8 months ago by
Authors have managed to publish many bad RNAseq experiments in the past. In very early days this was at least part due to a lack of knowledge in the field, but even once things were understood in the field, papers are often reviewed by people who do not have this specialist understanding.
The need to do things more than once (replication) is one of the very first things we learn about science in school. It is no different because we are using big fancy technology. Knowing that I got 367 reads for a gene when a took a sample from condition A and 472 when I took a sample from condition B is of little use if I don't know how much samples from the sample condition vary from sample to sample. Now is true that if I sequenced a same library made from the same sample many times, I'd find that the variane of gene with an average of 367 was 367. But we are interested in much samples vary from each other, not how repeated mesaurements of the same sample vary.
The defects with RPKM are more subtle and arise from the fact that
- the sum of the total RPKM across all genes in a sample is not constant from sample to sample
- Even if it were, that would make RPKM a compositional measure - that is the RPKM of one gene is affected by the RPKM in other genes
- We only approximately know the distribution of RPKM. In the early days, many aruged that log RPKM was approximately normally distributed, but for a long time people argued about how approximate that approximation was. We now know what the precise distribution of counts is, and so that is a much better option for differential expression (although not for other analyses nececssarily).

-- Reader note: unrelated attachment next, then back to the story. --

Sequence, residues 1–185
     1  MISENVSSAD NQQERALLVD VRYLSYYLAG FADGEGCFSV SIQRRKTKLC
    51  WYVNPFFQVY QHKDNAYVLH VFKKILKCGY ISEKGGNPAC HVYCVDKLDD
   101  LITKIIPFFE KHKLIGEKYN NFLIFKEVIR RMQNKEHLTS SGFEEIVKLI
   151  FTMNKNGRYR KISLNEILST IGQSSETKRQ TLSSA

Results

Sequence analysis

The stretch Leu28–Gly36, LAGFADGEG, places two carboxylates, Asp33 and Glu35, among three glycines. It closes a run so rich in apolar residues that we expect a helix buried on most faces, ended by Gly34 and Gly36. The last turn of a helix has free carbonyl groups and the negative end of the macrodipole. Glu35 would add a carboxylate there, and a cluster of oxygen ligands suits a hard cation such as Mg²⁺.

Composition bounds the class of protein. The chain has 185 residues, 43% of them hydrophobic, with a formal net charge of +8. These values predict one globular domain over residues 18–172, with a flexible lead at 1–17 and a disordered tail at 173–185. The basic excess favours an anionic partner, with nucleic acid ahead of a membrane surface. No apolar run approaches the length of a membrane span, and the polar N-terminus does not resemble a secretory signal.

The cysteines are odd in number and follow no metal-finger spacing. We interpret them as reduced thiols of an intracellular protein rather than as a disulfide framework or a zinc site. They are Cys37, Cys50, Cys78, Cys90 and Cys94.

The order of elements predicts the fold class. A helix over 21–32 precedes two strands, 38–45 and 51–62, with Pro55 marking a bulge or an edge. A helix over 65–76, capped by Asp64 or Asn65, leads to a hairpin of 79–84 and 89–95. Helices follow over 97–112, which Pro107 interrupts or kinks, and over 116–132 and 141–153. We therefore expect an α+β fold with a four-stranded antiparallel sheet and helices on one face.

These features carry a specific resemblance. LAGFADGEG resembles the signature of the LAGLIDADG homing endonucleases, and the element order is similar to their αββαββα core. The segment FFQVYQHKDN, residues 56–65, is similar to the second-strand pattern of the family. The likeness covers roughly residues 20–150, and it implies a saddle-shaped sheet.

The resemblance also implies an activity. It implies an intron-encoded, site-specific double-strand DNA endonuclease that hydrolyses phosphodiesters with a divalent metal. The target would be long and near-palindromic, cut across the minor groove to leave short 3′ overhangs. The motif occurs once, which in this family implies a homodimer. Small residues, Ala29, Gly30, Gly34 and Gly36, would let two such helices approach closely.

edgeR will agree to process single replicate data, even though the results will not mean much (and reacent versions will warn you of such), but it will only do so from count data, not from RPKM. So either you are misunderstanding the methods in the paper you are referencing, or (more likely) the authors have not recoded what they did properly. This is one reason why many people are pressing for the release of analysis code instead of a written description of what was done.
There maybe ways to get some meaning from RPKM data, but it would not be using standard software, or at least no in the way it was intended, and the results would still not be fully robust. I know of no software designed to analyse RPKM data for differential expression.
All this is a long winded way of saying that a lot of publicly available RNA-seq data is not good data and you shouldn't waste your time on it. Not all science that got published should have done, and not all science that was published some time ago would get published now. Accept that not all published data is going to be useful.